John Farrell, Jim Leyland

ALCS, Game 5: Red Sox-Tigers lineups


Lineups for Game 5 in Detroit …

Red Sox:
CF Jacoby Ellsbury
RF Shane Victorino
2B Dustin Pedroia
DH David Ortiz
1B Mike Napoli
LF Jonny Gomes
SS Stephen Drew
3B Xander Bogaerts
C David Ross

SP Jon Lester

There was lots of post-Game 4 talk about benching someone from the left side of the Red Sox’s infield and manager John Farrell has decided to sit third baseman Will Middlebrooks instead of shortstop Stephen Drew. Rookie Xander Bogaerts will get the start at third base and David Ross is also in the lineup in place of Jarrod Saltalamacchia behind the plate. Oh, and after a one-game reprieve Daniel Nava is back on the bench so Jonny Gomes can start against another right-handed pitcher.

RF Torii Hunter
3B Miguel Cabrera
1B Prince Fielder
DH Victor Martinez
LF Jhonny Peralta
2B Omar Infante
C Alex Avila
CF Austin Jackson
SS Jose Iglesias

SP Anibal Sanchez

After making big changes to the lineup yesterday Tigers manager Jim Leyland is sticking with the same alignment for Game 5, except for swapping Omar Infante and Alex Avila in the batting order. That means more Torii Hunter leading off and another game with Miguel Cabrera batting second, just like all the stat-heads would want.

Supreme Court rejects San Jose’s appeal in the A’s case

The judge's gavel is seen in court room 422 of the New York Supreme Court at 60 Centre Street February 3, 2012. REUTERS/Chip East
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The U.S. Supreme Court has rejected an appeal from the city of San Jose arising out of the failure of the city’s antitrust claims against Major League Baseball. The lower court losses which frustrated the city’s lawsuit will stay in place.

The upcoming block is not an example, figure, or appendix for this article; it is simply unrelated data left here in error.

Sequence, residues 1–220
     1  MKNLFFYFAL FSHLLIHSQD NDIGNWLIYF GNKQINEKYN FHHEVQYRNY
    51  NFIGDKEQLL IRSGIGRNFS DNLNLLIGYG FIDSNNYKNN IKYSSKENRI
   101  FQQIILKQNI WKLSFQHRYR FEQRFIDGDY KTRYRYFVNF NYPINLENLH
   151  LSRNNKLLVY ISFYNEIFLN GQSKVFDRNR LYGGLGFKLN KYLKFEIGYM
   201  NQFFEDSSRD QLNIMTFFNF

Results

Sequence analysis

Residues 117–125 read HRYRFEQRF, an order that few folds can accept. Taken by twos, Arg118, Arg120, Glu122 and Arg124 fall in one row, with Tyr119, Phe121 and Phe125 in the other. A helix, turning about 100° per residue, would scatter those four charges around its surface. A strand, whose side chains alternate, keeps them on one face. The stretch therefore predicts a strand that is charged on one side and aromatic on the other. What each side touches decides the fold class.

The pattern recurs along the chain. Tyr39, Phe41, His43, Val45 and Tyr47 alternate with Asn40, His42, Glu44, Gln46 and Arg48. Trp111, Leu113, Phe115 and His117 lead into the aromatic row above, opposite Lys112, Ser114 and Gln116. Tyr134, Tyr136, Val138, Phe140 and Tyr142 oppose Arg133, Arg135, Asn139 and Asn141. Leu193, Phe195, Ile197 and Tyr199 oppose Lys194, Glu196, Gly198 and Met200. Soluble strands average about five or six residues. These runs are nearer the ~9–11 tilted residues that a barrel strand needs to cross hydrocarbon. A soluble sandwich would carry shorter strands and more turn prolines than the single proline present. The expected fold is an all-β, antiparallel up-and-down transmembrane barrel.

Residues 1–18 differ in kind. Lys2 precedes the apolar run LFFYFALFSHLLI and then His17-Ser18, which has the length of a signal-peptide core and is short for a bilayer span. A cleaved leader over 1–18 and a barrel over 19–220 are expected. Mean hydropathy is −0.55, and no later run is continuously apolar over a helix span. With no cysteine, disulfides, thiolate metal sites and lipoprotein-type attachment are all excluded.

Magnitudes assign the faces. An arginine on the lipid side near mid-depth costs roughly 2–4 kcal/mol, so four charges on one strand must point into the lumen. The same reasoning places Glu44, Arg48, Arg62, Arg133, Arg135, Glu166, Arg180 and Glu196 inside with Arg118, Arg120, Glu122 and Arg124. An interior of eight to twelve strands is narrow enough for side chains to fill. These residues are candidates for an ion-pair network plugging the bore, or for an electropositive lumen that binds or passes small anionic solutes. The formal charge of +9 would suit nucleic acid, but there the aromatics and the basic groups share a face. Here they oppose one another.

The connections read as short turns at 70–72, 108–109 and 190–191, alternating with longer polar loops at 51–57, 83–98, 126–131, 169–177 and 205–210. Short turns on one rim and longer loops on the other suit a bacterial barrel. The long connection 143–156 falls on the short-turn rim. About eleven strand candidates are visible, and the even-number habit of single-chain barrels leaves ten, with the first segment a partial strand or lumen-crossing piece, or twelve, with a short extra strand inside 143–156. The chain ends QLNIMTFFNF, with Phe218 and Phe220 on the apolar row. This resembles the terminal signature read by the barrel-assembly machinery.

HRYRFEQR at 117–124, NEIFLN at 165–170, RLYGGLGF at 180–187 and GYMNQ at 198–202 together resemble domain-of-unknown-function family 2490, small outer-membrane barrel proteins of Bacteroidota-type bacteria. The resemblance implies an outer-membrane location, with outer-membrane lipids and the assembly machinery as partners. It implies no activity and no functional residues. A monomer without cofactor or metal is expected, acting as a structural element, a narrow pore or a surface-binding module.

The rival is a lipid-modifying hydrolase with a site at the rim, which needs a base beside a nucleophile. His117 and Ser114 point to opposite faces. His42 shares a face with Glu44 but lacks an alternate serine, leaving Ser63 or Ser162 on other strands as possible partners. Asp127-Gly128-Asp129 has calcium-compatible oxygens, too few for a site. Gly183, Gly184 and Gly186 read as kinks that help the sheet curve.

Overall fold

By way of background, San Jose sued Major League Baseball in June 2013 for conspiring to block the A’s relocation there on the basis of the San Francisco Giants’ territorial claim. The city said the territory rules violated federal antitrust laws. As I wrote at the time, it was a theoretically righteous argument in a very narrow sense, but that the City of San Jose likely did not have any sort of legal standing to assert the claim for various reasons and that its suit would be unsuccessful.

And now it is.


If there is ever to be a righteous legal challenge of the territorial system, it’ll almost certainly have to come from a club itself. Given the way in which MLB vets its new owners, however, and given how much money these guys rake in, in part, because of the territorial system, its unlikely that that will ever happen.

MVP or not, Mike Trout’s place in history is secure

Mike Trout
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Mike Trout may not win another MVP award, because Josh Donaldson of the Blue Jays had a great season and voters seem to be leaning his way, but the Angels center fielder just completed his fourth MVP-caliber campaign in four full seasons as a major leaguer.

Trout has now either won the MVP or (presumably) finished runner-up at age 20, age 21, age 22, and age 23. And there were certainly cases to be made that he was deserving of all four MVP awards. It’s been an incredible start to a career. But how incredible?

Here are the all-time leaders in Wins Above Replacement through age 23:

37.6 – Mike Trout
36.0 – Ty Cobb
34.2 – Ted Williams
31.4 – Mel Ott
30.1 – Ken Griffey Jr.
29.7 – Mickey Mantle
27.7 – Alex Rodriguez
27.5 – Al Kaline
26.7 – Arky Vaughan
26.5 – Rogers Hornsby

I mean, just look at the 10 names on that list. Ridiculous, and Trout sits atop all of them.

Trout has been the subject of intense MVP-related debates in three of his four seasons, but regardless of which side of that coin you favor don’t let it obscure the fact that we’re witnessing something truly special here. There’s certainly room to quibble with the exact rankings–WAR is merely one prominent and easy way to do such things–but however you slice it Trout has been one of the best handful of players in the history of baseball through age 23.